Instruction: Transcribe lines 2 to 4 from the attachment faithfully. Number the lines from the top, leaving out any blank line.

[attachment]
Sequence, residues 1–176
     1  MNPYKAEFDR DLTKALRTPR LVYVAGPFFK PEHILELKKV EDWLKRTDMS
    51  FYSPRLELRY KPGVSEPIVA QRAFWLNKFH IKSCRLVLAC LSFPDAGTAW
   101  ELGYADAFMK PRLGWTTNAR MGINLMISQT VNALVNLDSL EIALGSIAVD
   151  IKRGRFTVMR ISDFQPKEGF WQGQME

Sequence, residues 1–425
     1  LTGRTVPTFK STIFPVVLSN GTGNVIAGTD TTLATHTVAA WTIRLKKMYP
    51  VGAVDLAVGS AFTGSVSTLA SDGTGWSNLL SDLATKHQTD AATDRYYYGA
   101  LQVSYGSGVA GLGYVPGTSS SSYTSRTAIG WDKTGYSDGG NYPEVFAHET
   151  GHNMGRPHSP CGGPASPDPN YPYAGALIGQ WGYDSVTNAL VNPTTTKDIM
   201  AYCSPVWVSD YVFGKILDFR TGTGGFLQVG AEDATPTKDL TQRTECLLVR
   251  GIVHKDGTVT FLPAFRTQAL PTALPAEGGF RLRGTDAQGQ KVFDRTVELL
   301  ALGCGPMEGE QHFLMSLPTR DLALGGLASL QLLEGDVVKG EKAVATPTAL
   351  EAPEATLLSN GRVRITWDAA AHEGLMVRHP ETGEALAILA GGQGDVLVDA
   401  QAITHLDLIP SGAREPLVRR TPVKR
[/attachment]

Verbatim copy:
     1  MNPYKAEFDR DLTKALRTPR LVYVAGPFFK PEHILELKKV EDWLKRTDMS
    51  FYSPRLELRY KPGVSEPIVA QRAFWLNKFH IKSCRLVLAC LSFPDAGTAW
   101  ELGYADAFMK PRLGWTTNAR MGINLMISQT VNALVNLDSL EIALGSIAVD